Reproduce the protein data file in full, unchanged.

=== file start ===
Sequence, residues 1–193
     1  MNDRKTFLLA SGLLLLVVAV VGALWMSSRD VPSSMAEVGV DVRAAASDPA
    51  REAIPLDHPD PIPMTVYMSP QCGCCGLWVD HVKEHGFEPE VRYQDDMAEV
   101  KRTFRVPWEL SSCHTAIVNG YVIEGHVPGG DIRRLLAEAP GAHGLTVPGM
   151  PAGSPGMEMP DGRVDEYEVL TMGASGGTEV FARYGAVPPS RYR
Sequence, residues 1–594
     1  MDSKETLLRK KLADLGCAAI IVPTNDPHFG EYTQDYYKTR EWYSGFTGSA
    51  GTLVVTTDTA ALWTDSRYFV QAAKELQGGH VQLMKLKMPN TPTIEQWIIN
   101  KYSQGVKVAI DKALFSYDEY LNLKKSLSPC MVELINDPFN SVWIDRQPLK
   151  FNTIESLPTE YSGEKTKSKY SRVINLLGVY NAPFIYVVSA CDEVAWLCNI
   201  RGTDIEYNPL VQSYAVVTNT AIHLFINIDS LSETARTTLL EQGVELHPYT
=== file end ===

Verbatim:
Sequence, residues 1–193
     1  MNDRKTFLLA SGLLLLVVAV VGALWMSSRD VPSSMAEVGV DVRAAASDPA
    51  REAIPLDHPD PIPMTVYMSP QCGCCGLWVD HVKEHGFEPE VRYQDDMAEV
   101  KRTFRVPWEL SSCHTAIVNG YVIEGHVPGG DIRRLLAEAP GAHGLTVPGM
   151  PAGSPGMEMP DGRVDEYEVL TMGASGGTEV FARYGAVPPS RYR
Sequence, residues 1–594
     1  MDSKETLLRK KLADLGCAAI IVPTNDPHFG EYTQDYYKTR EWYSGFTGSA
    51  GTLVVTTDTA ALWTDSRYFV QAAKELQGGH VQLMKLKMPN TPTIEQWIIN
   101  KYSQGVKVAI DKALFSYDEY LNLKKSLSPC MVELINDPFN SVWIDRQPLK
   151  FNTIESLPTE YSGEKTKSKY SRVINLLGVY NAPFIYVVSA CDEVAWLCNI
   201  RGTDIEYNPL VQSYAVVTNT AIHLFINIDS LSETARTTLL EQGVELHPYT